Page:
This 5.6 earthquake was 1993’s most widely felt reminder that Oregon, like the other West Coast states, has earthquakes to worry about. The Oregonian covered it extensively, and the following items come from various articles in that newspaper.
Dave Thomas, senior primate keeper at the Washington Park Zoo in Portland, said the chimpanzees there were making alarm barks just before the quake: “An alarm bark is a unique vocalization, very different from their other yells and screeches. It’s like a very loud, shrill, ‘Wah.’ It means something’s wrong, and they’re warning the others. I knew something was wrong just from the fact they were awake. They sleep when it’s dark just like us.”
Later in the day, with the zoo’s adult male orangutan still upset, Thomas said: “We gave him some Maalox, and that seemed to help. The chimps explored their island very carefully this morning, and when they found nothing disturbed, they began to calm down.”
Ricky Bowers was in a 1989 Hyundai, driving to his construction job in Portland, and heading over the Oregon 18 bridge over the Yamhill River. The bridge had just dropped 6.5 inches from the quake. As Bowers explained, the car headed over the resulting gap: “I caught a lot of air and my car was swerving all over the road. Everything in the car went everywhere. It was a hell of a rush. I just hit it, and all I can remember are the sparks shooting out from all around the car and the smell of burning rubber.”
Bowers had a big truck behind him, and he said: “I had visions of that truck hitting the wall and the whole bridge falling into the river. I was still on the bridge and I didn’t want that to happen. It didn’t look like much was holding it.”
So, he flagged down the truck driver, who stopped 20 feet short of the dropoff. Bowers added: “I was never a big believer in seat belts. But I’m glad I was wearing one.”
Ruth Schnider, a Silverton woman, said: “It woke me with a big roar. My grandson and I popped out of bed at the same time. We watched the walls. The walls looked like big ribbons. All four of them were tilting into the rooms. It didn’t last long, but it was scary. I’ve been sick to my stomach ever since.”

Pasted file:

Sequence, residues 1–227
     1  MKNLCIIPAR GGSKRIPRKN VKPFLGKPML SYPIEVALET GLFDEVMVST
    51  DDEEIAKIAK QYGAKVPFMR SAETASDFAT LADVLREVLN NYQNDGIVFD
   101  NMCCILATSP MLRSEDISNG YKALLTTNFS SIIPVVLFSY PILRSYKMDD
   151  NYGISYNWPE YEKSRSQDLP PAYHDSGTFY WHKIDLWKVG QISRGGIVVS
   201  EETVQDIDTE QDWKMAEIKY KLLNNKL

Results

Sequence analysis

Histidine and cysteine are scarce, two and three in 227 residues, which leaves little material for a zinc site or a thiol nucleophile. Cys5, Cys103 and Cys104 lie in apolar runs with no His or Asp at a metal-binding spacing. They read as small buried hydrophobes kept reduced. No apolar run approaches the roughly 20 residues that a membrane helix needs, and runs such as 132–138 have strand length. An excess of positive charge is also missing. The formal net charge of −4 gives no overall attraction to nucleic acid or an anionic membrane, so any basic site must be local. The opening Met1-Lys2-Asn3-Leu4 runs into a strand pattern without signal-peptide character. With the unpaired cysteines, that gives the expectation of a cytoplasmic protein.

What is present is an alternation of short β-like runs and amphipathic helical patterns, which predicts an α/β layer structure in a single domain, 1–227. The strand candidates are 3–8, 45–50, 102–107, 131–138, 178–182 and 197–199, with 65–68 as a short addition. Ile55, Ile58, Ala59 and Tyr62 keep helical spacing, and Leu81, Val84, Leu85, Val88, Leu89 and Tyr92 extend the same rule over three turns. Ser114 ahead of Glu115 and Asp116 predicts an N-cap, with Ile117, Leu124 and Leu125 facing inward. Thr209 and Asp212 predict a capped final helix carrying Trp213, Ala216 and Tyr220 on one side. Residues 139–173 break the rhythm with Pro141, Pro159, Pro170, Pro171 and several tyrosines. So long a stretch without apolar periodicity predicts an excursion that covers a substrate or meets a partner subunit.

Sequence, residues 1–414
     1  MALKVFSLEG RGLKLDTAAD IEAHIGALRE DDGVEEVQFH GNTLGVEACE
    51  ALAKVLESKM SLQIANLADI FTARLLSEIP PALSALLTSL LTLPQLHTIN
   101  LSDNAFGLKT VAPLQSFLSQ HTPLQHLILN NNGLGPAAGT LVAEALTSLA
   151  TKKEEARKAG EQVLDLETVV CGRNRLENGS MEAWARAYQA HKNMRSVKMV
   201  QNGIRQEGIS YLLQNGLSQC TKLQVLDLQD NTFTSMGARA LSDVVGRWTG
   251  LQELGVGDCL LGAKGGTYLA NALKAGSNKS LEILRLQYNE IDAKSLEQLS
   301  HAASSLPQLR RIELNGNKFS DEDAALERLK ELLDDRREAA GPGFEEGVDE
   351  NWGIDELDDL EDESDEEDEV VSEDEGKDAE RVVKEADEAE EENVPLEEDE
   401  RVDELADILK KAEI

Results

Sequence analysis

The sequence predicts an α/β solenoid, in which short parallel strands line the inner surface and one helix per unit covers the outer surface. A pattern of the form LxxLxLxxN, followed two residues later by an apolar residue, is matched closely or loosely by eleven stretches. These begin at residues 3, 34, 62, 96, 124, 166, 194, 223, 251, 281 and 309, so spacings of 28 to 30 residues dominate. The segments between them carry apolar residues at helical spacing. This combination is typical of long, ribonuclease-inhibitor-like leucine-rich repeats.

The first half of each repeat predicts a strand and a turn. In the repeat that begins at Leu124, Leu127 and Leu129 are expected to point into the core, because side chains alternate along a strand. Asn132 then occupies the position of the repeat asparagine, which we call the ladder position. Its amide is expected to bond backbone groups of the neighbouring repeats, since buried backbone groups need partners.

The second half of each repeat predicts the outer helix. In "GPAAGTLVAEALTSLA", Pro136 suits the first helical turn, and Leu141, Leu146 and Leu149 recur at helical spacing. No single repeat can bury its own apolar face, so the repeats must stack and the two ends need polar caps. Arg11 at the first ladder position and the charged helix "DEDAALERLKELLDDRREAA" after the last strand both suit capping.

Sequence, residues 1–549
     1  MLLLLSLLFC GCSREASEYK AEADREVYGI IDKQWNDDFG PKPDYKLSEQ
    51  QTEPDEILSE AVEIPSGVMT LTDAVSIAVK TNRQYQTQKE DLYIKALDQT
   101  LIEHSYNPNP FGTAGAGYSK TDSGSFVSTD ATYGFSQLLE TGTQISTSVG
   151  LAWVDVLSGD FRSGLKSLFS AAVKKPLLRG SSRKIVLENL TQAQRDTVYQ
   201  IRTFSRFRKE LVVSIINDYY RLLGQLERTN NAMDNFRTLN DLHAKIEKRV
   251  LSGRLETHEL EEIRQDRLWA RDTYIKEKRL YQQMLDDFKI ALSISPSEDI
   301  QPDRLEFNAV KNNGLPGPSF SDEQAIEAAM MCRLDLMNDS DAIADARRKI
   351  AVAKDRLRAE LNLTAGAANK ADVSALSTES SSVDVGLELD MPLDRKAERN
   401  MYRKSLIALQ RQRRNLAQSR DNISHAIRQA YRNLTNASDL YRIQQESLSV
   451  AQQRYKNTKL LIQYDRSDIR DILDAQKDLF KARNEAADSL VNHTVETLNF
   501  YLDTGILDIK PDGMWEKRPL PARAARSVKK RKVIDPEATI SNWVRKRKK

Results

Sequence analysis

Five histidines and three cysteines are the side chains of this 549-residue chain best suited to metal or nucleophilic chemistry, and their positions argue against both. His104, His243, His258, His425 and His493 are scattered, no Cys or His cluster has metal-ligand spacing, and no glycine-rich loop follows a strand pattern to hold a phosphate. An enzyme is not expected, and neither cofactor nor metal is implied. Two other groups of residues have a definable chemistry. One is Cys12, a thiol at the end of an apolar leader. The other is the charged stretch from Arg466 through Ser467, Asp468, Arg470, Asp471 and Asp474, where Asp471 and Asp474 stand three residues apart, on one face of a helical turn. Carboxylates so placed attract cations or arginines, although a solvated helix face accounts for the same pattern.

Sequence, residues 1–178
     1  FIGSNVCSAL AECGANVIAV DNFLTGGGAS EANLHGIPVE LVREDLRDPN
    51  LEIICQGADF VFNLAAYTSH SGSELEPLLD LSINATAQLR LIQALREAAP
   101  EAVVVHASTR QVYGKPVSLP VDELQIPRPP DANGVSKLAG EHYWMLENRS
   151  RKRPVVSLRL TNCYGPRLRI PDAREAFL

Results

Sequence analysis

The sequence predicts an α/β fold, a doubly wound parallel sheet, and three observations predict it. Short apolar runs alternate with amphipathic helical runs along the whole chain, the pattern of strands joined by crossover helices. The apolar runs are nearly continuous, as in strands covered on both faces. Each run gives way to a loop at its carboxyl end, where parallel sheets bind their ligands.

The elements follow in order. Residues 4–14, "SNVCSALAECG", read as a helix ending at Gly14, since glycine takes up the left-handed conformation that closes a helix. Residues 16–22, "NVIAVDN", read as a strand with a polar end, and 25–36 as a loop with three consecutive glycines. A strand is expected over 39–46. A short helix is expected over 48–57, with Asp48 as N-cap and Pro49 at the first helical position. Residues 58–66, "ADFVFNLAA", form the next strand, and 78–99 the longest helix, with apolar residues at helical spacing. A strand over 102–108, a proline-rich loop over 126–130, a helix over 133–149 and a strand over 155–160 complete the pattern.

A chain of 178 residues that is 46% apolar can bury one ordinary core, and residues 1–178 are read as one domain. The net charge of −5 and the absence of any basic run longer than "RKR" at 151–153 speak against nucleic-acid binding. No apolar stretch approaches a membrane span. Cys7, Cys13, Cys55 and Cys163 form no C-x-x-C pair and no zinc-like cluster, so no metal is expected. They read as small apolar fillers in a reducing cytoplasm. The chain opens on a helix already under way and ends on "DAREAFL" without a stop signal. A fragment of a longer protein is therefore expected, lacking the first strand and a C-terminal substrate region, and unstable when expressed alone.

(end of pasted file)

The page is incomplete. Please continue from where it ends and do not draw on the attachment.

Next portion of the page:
Philip Fontaine, who lived in Molalla, said: “Literally, it felt like a freight train was going through the middle of my house. I ended up out on the front lawn in my underwear with my son in my arms. The children were all screaming. Everything was just shaking and not stopping. All I knew was I had to get my children out of my house.”
At Woodburn’s Safeway, manage Jim Chandler said “the night crew said it was like a tidal wave going through the store. They could hear it flow across the store and merchandise fall aisle after aisle.”
St. Mary’s Church in Mount Angel was badly damaged by the quake, and the next Sunday its service was held in the Oktoberfest beer hall building in town.
Rev. Emmanuel Clark, parish parochial vicar, said: “Each one of us is going through a death and resurrection experience. I doubt this parish family will ever be the same. I think we have learned what the message of Easter is; now we have to apply it to ourselves.”
And: “It’s one thing to be going to a warm, well-lit, churchy-looking building. It’s another thing to go into a place with the 20-year-old odor of stale beer. We lost a loved one, and we don’t know if she — if that’s the proper term for a church — will recover.”
Monica Bochsler, who was married in the church and had her four children baptized there, said: “Some said it was like a death in the family, and it is. This [the beer hall] is where everyone goes to get crazy; now we’ll all go here to get holy.”
Here’s an Oregonian graphic showing the epicenter of the Scotts Mills quake: